The tables are turned in this interview as Michael Cyger, publisher of DomainSherpa.com and DNAcademy.com, is the one to answer the questions.
Mike Carson, founder of Park.io, talks with Cyger about his recent domain name flip.
Q: What was the domain name you sold?
Q: When did you buy and sell it?
A: I bought the domain name at a Park.io auction on May 8, 2017, and closed escrow on June 27, 2017. Between purchase and escrow close were 44 days.
Q: How much did you pay for the domain name?
A: I paid $1,000 – more than I hoped it would go for. There were many investors that were bidding in this auction, unfortunately for me since I like investing in .io domain names. But I really loved this domain name. I think it’s a great keyword and brand, so I was willing to pay more for it.
Q: Why did you think Detect.io had value as an investment domain name?
A: I follow the methodology I teach in DNAcademy: an investor should buy second-level domain names that have a lot of usage and a lot of companies that could benefit from owning it.
The term “detect” has nearly 230 million search results in Google, and people are performing the exact match search for “detect” 90,500 times per month. This makes Detect.io extremely valuable because if you offer a product or service that does anything detection-related, you can rank well within Google and receive massive organic search result benefits.
The domain name itself is short, passes the radio test and is a great brand. And the .io top-level domain makes it the perfect “starter domain name” for a technology-focused entrepreneur or startup company that wants a great brand but is not ready to invest in the .com – with its associated price tag.
I brainstormed companies and offerings that could benefit from this domain name and came up with:
- Determining if software (e.g., malware) or hardware is installed
- Browser and operating system detection
- Screen size and platform detection
- User types (bots/crawlers/spiders)
- Facial detection
- Audio detection
- Text detection
- Pattern and anomaly detection
- Determining if network or connectivity is available
In addition, I found a bunch of code bases on Github that might benefit from owning the domain name and I made note of them.
Q: How did you sell Detect.io?
A: As soon as I purchased Detect.io (or any domain name), the first thing I did is put up an Efty for-sale landing page (in this case, the Hong Kong for-sale theme) so if anyone typed detect.io into a web browser to see if it was available, they would know they could make an offer.
A few days later I thought the purchase and (anticipated) sale of Detect.io would make a great case study for DNAcademy, so I listed it for sale on Flippa.com in a 30-day auction. I hoped the domain would be selected as an “editor’s choice” but it was not. I then did some targeted outreach to relevant end users that I found on Github to let them know the domain was at auction.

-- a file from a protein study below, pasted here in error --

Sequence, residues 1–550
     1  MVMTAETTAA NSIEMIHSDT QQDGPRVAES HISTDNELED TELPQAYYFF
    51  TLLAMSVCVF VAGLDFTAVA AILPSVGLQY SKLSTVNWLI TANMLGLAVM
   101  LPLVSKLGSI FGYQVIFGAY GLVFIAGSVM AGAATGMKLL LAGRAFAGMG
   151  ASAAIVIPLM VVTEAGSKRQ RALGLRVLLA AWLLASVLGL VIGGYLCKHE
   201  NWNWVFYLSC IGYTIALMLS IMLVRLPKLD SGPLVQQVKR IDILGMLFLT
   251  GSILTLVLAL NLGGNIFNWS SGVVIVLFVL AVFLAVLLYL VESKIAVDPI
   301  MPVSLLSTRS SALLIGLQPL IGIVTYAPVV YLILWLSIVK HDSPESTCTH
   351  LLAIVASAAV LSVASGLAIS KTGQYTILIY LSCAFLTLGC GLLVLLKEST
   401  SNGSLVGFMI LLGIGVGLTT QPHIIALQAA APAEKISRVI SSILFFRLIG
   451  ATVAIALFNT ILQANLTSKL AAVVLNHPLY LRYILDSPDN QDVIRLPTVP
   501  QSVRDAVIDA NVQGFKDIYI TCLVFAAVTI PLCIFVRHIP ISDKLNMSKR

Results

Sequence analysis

While the domain name generated interest and bids, the bidding didn’t get higher than a few hundred dollars and I had a reserve of $1,150 on the domain (break-even: $1,000 purchase plus Flippa’s 15 percent commission).
When the domain didn’t sell, I changed the Detect.io DNS back to my Efty.com for-sale landing page. A few days later I decided to rerun the Flippa auction (since it was free to do so) and I thought those who followed the auction might bid higher the second time. But I forgot to update the Detect.io DNS back to my Flippa auction page.
Eight days into the second 30-day auction, an offer for $1,000 came in through the Efty for-sale landing page. I countered at $3,450 within a few minutes of email receipt. The buyer immediately countered at $3,000 and I accepted.
I pressed the “Escrow” button on my Efty control panel and it instantly created an Escrow.com transaction between me and the buyer. We agreed to terms, he funded, I pushed the domain name at Park.io using their control panel, and the deal was done.
Q: So the buyer didn’t know about the Flippa auction?
A: No, he didn’t. After we agreed to the purchase price and started escrow, I raised the Flippa auction reserve to $20,000 to ensure it wouldn’t sell twice. Then when the domain was funded at Escrow.com, I closed the auction without a winner.
Q: Did you find out why the buyer wanted the domain name?
A: Yes, I asked when the deal had closed. In this case, the buyer runs an analytics startup and wanted Detect.io for a new service that discovers anomalies in data. That’s all I know at this point in time, but I can’t wait to see his offering. I’ll be following closely.
I love .io domain names because they are used by real software entrepreneurs building real products and services that are changing the world…they are the makers of the next wave of Amazons, Ubers and Airbnbs.
Q: You mentioned you like investing in .io domain names. Do you have many?
A: I currently have about five .io domain names in my investment portfolio, but my investment portfolio is not very large. Instead of buying many domain names and playing the odds – which is a fine strategy – I prefer to hold a very selective list of higher quality domain names. And each year I try to upgrade and thin out my portfolio.
I encourage each domain name investor to define their own path.
Q: Was this just a “lucky” sale?
A: The characteristics and statistics of a quality second-level domain name don’t lie, and in this case they perfectly match the top-level domain name.
It may have been lucky that the buyer approached me only 38 days after I bought it, but I like to think that luck favors the prepared.
In any case, I’m pleased to have helped what sounds like a great fledgling service acquire a great brand.
Epilogue: Before publishing this, Michael told me that he sold another .io domain name using an Efty for-sale landing page and similar negotiation tactics, producing the same $3,000 sales price – but in this case he purchased the domain name (Likely.io) for $90.73 in 2015.